The Benefits of Over-investment in volatile Market Conditions. Evidence from Research.

Updated: May 11

A theoretical study shows that over-investment into liquidity-generating capital can increase the value of a company in volatile market conditions by making it easier to motivate the company’s workforce. The findings of the study have implications for the optimal design of incentives and management practices in companies in times of crisis.

Over-investment - An Agency Problem

A prominent fact in corporate finance is that managers tend to over-invest, i.e. marginal costs exceed (direct) marginal benefits of an investment. Numerous theories have been developed to explain this pattern, including managers’ taste for empire building, short-termism of managers, managerial over-confidence, or asymmetric information with respect to new investment opportunities.

All of these theories share the perception that over-investments are caused by agency problems between a firm and its management. Hence, mechanisms to reduce free cash-flow — and consequently the management’s ability to invest — have been suggested as optimal responses to this perceived fundamental agency problem. However, there is no clear evidence that reducing a firm’s free cash-flow and restricting a manager’s investment opportunities increases the firm’s value — on the contrary, investors often assess capital investments positively. Evidence from Research

In their study "Size Matters: How Over-investments Relax Liquidity Constraints in Relational Contracts" Florian Englmaier and Matthias Fahn investigate how over-investments relate to a firm's workforce in volatile market conditions.

To conduct the study the researchers setup a theoretical model in a setting where firms face varying cash-flow streams, and where the firm cannot rely on court-enforceable contracts to motivate their workforce, but has to use relational contracts instead.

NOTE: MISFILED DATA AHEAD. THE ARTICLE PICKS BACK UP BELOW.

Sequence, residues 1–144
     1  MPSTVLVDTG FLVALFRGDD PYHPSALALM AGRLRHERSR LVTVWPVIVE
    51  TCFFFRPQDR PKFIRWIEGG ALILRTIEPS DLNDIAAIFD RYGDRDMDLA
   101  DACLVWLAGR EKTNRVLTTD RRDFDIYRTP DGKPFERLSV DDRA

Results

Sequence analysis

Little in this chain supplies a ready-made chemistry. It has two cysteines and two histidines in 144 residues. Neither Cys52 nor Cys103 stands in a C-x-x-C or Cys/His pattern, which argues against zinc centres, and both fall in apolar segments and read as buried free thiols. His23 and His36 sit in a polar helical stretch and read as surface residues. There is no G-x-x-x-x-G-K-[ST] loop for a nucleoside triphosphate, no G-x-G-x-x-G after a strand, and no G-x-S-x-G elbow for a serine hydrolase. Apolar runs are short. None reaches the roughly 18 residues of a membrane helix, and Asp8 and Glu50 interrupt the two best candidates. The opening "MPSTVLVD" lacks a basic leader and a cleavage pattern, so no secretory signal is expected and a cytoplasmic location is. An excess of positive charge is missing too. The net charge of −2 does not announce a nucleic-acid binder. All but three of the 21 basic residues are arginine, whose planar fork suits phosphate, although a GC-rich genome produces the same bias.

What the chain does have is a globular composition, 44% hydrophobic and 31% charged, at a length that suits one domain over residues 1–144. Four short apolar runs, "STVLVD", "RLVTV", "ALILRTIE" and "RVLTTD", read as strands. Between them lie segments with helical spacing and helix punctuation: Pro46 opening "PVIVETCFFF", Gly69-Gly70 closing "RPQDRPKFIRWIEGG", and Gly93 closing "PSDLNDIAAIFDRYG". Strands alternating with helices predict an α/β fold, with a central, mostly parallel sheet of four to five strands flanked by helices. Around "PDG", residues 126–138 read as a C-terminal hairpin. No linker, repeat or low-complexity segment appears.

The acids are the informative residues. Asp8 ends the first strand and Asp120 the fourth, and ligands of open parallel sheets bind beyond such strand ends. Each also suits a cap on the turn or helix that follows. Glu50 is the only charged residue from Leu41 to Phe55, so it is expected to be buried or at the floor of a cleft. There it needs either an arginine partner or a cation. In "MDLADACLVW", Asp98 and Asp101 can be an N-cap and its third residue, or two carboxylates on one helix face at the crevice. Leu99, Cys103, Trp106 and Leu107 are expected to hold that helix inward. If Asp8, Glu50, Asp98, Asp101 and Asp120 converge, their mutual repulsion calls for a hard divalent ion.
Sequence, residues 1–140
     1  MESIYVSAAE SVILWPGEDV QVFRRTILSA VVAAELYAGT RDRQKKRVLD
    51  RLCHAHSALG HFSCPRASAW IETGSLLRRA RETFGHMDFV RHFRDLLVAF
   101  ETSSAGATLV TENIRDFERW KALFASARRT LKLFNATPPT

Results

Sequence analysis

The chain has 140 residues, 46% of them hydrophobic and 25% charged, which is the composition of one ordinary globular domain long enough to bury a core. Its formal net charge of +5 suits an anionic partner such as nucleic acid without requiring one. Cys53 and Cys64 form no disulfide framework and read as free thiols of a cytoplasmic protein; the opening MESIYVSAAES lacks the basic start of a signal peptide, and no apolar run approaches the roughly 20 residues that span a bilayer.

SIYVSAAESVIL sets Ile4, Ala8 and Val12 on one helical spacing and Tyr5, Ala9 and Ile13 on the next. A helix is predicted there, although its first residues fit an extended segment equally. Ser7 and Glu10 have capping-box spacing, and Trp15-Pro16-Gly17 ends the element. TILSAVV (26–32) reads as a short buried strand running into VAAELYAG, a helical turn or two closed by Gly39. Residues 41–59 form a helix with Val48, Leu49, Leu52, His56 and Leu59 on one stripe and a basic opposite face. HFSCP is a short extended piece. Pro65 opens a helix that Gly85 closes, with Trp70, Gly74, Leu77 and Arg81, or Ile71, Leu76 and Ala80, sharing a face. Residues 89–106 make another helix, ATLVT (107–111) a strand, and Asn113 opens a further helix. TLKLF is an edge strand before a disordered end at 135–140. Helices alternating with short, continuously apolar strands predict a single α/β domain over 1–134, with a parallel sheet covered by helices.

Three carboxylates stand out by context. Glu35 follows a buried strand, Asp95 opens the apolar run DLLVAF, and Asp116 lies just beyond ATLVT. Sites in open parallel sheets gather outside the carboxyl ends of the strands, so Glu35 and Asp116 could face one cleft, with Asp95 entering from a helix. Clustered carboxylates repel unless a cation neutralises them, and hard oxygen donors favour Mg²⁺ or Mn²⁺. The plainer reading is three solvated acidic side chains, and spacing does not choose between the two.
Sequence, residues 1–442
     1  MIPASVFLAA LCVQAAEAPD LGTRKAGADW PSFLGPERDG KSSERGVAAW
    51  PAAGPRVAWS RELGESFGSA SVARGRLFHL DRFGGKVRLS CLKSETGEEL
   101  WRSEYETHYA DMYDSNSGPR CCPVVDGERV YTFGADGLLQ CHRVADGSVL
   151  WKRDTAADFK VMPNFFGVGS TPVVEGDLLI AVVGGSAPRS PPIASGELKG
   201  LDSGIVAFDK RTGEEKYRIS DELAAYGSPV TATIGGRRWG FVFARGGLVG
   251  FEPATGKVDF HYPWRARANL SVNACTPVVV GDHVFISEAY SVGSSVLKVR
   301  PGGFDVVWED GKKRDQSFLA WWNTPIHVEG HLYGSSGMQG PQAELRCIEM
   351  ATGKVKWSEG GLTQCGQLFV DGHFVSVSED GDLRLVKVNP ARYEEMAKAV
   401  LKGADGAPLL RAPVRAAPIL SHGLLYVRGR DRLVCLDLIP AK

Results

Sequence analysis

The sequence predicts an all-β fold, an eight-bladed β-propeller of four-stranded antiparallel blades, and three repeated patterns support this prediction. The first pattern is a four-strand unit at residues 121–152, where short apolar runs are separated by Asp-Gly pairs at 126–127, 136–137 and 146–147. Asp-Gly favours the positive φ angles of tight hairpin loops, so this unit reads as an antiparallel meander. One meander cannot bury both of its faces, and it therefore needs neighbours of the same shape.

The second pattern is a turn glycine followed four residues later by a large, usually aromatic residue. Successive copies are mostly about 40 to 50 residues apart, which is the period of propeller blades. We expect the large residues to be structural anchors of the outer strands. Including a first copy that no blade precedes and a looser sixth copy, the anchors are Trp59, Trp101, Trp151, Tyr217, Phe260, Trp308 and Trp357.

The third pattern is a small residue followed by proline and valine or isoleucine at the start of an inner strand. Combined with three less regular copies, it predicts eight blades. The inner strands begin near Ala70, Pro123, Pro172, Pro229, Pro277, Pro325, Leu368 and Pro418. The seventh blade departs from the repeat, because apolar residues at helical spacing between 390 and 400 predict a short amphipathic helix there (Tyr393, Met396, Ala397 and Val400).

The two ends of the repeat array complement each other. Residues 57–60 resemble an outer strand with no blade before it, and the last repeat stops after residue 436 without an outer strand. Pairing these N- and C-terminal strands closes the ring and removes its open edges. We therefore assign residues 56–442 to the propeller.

The study finds that over-investments are not necessarily the (negative) consequence of agency problems between shareholders and managers but that over-investments might be a second-best optimal response to contracting frictions like limited commitment and limited liquidity. Moreover, the study finds that over-investments into liquidity generating capital can increase the efficiency of a firm’s labor relations, if a firm has to rely on relational contracts to motivate its workforce and if it faces a volatile environment.


In relationships with employees, firms generally face an intertemporal trade-off: Treating their employees well comes with costs but has (future) benefits such as higher motivation and loyalty. When a firm faces volatile market conditions and commitment problems because it cannot use formal, court-enforceable contracts to provide incentives the firm can choose to over-invest to motivate their workforces.

  • Over-investment prior crisis: If the investments make it easier to compensate workers also in difficult times, they ease the burden for workers in times of a crisis and make it easier for firms to treat employees well in good times. Moreover, firms that have treated their employees well prior to the crisis can benefit from it in these times because employees are more willing to carry some of the burden the crisis brings with it.

  • Over-investment during crisis: Higher investments help because they increase rents as soon as the situation has again improved. Furthermore, these rents can only be captured by a firm if it keeps its relationships with workers alive. Keeping employees in times of crisis is a particularly strong signal for a firm's commitment towards its employees and will also have a huge effect on their employees's future loyalty.

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Reference: Englmaier, Florian, and Matthias Fahn. "Size Matters: How Over-Investments Relax Liquidity Constraints in Relational Contracts."The Economic Journal 129, no. 624 (2019): 3092-3106.

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